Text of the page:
What is tetanus?
Tetanus is an acute, sometimes fatal, disease of the central nervous system, caused by the toxin of the tetanus bacterium, which usually enters the body through an open wound. The tetanus bacteria live in soil and manure, but also can be found in the human intestine and other places.
- Tetanus occurs more often in warmer climates or during the warmer months.
- Tetanus is very uncommon in the U.S. due to widespread immunization. Fewer than 60 cases every year occur in the United States.
Tetanus | Symptoms & Causes
How is tetanus transmitted?
Tetanus isn't contagious. It occurs in those who have had a skin or deep tissue wound or puncture. It is also seen in the umbilical stump of infants in underdeveloped countries. This occurs in places where immunization to tetanus is not widespread and women may not know proper care of the stump after the baby is born.
After being exposed to tetanus, it may take between two days to two months to develop any symptoms. In infants, symptoms may take between five days to two weeks to develop.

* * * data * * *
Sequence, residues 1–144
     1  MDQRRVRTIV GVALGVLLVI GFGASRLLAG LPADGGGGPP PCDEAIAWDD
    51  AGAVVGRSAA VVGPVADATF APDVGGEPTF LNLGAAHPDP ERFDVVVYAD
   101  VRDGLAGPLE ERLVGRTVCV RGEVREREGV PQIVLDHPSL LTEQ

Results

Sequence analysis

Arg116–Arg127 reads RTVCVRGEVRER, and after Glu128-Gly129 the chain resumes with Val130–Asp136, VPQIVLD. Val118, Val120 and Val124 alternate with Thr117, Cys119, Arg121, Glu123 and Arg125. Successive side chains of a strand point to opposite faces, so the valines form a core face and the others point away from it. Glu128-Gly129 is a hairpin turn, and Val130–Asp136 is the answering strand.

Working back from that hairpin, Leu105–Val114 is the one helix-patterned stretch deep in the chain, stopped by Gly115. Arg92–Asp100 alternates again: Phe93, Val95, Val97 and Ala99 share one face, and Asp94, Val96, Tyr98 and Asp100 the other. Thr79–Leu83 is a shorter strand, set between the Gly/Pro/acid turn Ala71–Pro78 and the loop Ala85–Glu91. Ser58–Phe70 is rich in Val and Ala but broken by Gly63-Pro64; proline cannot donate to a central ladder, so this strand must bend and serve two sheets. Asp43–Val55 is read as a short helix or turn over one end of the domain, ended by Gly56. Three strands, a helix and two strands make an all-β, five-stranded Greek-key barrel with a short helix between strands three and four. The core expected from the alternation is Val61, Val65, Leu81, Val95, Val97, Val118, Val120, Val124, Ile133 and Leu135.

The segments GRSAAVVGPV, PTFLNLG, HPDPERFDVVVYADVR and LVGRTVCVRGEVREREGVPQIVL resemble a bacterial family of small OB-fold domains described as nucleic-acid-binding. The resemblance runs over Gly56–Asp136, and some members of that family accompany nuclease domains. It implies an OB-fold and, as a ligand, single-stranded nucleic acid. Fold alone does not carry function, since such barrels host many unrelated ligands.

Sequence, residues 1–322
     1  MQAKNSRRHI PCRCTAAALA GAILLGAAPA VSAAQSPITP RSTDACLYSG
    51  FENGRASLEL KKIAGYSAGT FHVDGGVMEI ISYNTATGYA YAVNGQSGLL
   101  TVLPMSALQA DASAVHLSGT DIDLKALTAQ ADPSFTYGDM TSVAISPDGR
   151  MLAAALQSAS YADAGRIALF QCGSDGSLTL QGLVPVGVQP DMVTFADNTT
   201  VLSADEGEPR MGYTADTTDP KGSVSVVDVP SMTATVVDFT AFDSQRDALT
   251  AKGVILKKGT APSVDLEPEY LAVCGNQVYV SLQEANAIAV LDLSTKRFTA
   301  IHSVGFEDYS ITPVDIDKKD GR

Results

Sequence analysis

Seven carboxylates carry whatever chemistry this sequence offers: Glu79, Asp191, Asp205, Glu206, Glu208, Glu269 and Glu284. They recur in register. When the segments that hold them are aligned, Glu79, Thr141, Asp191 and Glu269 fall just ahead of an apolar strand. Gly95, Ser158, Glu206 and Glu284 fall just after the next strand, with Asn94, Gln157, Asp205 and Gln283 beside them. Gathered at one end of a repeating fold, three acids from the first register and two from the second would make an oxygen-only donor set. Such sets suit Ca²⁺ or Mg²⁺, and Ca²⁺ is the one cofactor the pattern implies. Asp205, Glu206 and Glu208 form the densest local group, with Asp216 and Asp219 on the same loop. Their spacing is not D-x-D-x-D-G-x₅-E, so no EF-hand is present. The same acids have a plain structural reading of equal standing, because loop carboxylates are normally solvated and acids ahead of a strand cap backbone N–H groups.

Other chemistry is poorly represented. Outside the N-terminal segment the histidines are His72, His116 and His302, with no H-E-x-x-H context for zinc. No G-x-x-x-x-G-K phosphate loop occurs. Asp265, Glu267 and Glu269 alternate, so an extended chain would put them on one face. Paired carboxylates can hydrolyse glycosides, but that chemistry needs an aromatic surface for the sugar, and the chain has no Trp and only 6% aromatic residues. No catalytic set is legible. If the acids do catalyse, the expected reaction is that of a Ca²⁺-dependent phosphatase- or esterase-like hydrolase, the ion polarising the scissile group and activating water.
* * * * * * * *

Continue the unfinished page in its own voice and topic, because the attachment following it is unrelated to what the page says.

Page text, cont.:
What are the symptoms of tetanus?
The following are the most common symptoms of tetanus. However, each child may experience symptoms differently. Symptoms may include:
- stiffness of jaw (also called lockjaw)
- stiffness of abdominal and back muscles
- contraction of facial muscles
- fast pulse
- painful muscle spasms near the wound area (if these affect the larynx or chest wall, they may cause asphyxiation)
- difficulty swallowing
The symptoms of tetanus may resemble other medical conditions. Always consult your child's physician for a diagnosis.
Tetanus | Diagnosis & Treatments
How it tetanus treated?
Treatment for tetanus may include:
- medications (to control spasms)
- thorough cleaning of the wound
- a course of tetanus antitoxin injections
- a tracheostomy (a breathing tube inserted surgically in the windpipe) in severe cases with respiratory problems
How we care for tetanus
Boston Children's highly recommends giving all healthy children the Diphtheria, Tetanus, and Pertussis (DTAP) vaccine.